Antioxidant, antityrosinase and antitumor activity comparison: the potential utilization of fibrous root part of Bletilla striata (Thunb.) Reichb.f.

Jiang F, Li W, Huang Y, Chen Y, Jin B, Chen N, Ding Z, Ding X - PLoS ONE (2013)

Effect of sub-fractions on intracellular ROS levels in HepG2 cell line.HepG2 cells were stimulated for 1.5 h, intracellular ROS levels were assessed as described in the ‘Materials and Methods’ section. (A) Dose-dependent effect of H2O2 on intracellular ROS levels; (B,C and D) Intracellular ROS levels in cultured HepG2 in the absence (CTRL) or presence of the indicated concentration of (B) spe, (C) sch and (D) sac sub-fractions of both FRP and PSP. (A–D) * Significantly different from the control, P<0.05; n = 3.
© Copyright Policy
Related In: Results  -  Collection

Show All Figures
getmorefigures.php?uid=PMC3585276&req=5

pone-0058004-g007: Effect of sub-fractions on intracellular ROS levels in HepG2 cell line.HepG2 cells were stimulated for 1.5 h, intracellular ROS levels were assessed as described in the ‘Materials and Methods’ section. (A) Dose-dependent effect of H2O2 on intracellular ROS levels; (B,C and D) Intracellular ROS levels in cultured HepG2 in the absence (CTRL) or presence of the indicated concentration of (B) spe, (C) sch and (D) sac sub-fractions of both FRP and PSP. (A–D) * Significantly different from the control, P<0.05; n = 3.
Mentions: To validate the ROS assay, the variations of intracellular ROS levels in response to increasing doses of H2O2 was detected in HepG2 cell line model. Data in Fig. 7A showed that the fluorescence signal increased in response to H2O2 (a well-known pro-oxidants) in a dose-dependent manner, and then the effect of the five sub-fractions of both FRP and PSP on the intracellular ROS levels were determined; results were expressed as a percentage of controls. Treatment of HepG2 cells with sub-fractions spe, sch and sac of both FRP and PSP exerted a significant antioxidant effect at low dosage (Fig. 7B, 7C and 7D), which confirmed the protective effect of Bletilla striata. Corresponding to the chemical assay system, the sch sub-fractions manifested prominent antioxidant effect below 10 µg/ml. However, the exposure of cell cultures to higher concentrations of spe, sch and sac all increased intracellular ROS levels in dose-dependent manner. These results were distinct to that of previous cell free system. As many publications reported, the antioxidant effect of those sub-fractions (spe, sch and sac) at low dosage was lost and a marked pro-oxidant effect was evident at high dosage [20], [35]; which may imply that compounds impact intracellular ROS levels mainly through compounds-cellular receptor or compounds-cellular signal transductions way, rather than compounds-ROS direct interaction way. Additionally, the sub-fractions sbu and swa for both FRP and PSP showed no significant antioxidant activity.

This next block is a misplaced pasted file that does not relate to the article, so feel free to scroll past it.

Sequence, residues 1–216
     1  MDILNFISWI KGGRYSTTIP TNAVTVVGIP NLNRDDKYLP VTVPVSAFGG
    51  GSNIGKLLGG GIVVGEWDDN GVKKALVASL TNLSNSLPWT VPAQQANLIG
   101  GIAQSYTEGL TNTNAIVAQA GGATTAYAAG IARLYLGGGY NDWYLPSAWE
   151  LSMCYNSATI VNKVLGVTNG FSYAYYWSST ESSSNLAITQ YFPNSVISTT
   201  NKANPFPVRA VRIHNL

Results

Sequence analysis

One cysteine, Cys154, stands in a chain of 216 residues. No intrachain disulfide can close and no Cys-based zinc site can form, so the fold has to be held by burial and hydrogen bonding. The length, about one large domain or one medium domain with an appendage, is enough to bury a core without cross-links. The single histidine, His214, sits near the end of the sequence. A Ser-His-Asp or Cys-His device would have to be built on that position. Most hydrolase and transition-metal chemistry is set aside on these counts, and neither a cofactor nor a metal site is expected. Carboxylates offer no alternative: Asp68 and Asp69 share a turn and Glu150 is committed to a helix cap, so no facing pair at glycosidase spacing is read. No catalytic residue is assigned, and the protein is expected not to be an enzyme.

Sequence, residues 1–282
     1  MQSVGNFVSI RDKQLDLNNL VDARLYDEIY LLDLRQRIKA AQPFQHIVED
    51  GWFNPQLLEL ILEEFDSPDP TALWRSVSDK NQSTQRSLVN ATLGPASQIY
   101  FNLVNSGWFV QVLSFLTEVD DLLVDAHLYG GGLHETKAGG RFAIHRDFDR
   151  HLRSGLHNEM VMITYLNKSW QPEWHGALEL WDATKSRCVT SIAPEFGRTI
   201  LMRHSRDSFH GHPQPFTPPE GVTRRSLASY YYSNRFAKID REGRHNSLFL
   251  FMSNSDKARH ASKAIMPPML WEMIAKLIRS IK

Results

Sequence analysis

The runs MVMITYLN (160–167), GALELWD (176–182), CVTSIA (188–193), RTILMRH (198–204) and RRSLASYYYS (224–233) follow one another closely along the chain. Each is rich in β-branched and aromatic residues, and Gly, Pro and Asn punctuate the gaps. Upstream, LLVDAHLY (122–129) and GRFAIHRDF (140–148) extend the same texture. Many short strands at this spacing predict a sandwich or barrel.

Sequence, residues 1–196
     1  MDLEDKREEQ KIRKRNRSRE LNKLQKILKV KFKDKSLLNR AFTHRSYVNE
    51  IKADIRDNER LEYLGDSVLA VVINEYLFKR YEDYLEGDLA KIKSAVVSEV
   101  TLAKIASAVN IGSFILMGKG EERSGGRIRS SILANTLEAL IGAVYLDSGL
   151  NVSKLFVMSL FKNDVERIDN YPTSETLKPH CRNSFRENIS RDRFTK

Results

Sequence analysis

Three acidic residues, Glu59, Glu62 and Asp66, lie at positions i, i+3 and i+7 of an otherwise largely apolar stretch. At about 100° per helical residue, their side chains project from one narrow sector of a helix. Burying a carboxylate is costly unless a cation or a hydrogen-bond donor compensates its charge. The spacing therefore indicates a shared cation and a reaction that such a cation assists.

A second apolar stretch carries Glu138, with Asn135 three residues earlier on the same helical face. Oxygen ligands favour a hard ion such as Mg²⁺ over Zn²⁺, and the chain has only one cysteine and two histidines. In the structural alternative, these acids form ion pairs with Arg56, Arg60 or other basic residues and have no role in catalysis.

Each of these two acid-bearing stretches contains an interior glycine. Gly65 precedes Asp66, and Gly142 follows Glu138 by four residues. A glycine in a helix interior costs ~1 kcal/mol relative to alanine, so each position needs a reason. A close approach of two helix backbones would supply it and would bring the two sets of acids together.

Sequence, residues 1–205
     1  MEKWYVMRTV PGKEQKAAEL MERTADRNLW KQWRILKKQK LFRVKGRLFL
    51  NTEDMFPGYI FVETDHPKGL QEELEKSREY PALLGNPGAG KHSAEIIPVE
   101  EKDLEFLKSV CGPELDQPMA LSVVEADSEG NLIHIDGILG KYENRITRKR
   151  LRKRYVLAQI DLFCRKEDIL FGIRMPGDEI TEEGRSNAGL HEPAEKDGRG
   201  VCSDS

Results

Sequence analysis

Bottom Line: The chemical composition, total phenolic content, DPPH radical scavenging activity, Ferric-reducing antioxidant power and tyrosinase inhibition activity were compared between FRP and PSP.Antioxidant and pro-oxidant effect as well as antitumor effect of the extract of FRP and PSP were analyzed by in vitro cell system as well.Moreover, In vitro cell system analysis confirmed that FRP extract exerts comparable activity with PSP, especially, the sub-fraction sch of FRP showed better antioxidant activity at low dosage and stronger per-oxidant activity at high dosage, and both sch of FRP and PSP can dose-dependent induce HepG2 cells apoptosis, which implied tumor therapeutic effect.

View Article: PubMed Central - PubMed

Affiliation: Institute of Biotechnology, College of Life Science, Zhejiang Chinese Medical University, Hangzhou, China.

ABSTRACT
This study was carried out to evaluate the utilization probability of the fibrous root part (FRP) of Bletilla striata, which was usually discarded and harvesting pseudobulb part (PSP). The chemical composition, total phenolic content, DPPH radical scavenging activity, Ferric-reducing antioxidant power and tyrosinase inhibition activity were compared between FRP and PSP. Antioxidant and pro-oxidant effect as well as antitumor effect of the extract of FRP and PSP were analyzed by in vitro cell system as well. Thin layer chromatography and high performance liquid chromatography analysis indicated that the chemical compositions in the two parts were similar, but the content in FRP was much higher than PSP. Meanwhile, the FRP extracts showed higher phenolic content, stronger DPPH scavenging activity, Ferric-reducing antioxidant capacity and tyrosinase inhibition activity. Sub-fraction analysis revealed that the distribution characteristic of phenolic components and other active constituents in FRP and PSP were consistent, and mainly deposited in chloroform and acetoacetate fractions. Especially, the chloroform sub-fraction (sch) of FRP showed extraordinary DPPH scavenging activity and tyrosinase inhibition activity, with IC50 0.848 mg/L and 4.3 mg/L, respectively. Besides, tyrosinase inhibition activity was even stronger than the positive compound arbutin (31.8 mg/L). Moreover, In vitro cell system analysis confirmed that FRP extract exerts comparable activity with PSP, especially, the sub-fraction sch of FRP showed better antioxidant activity at low dosage and stronger per-oxidant activity at high dosage, and both sch of FRP and PSP can dose-dependent induce HepG2 cells apoptosis, which implied tumor therapeutic effect. Considering that an additional 0.3 kg FRP would be obtained when producing 1.0 kg PSP, our work demonstrated that FRP is very potential to be used together with PSP.

Show MeSH
Related in: MedlinePlus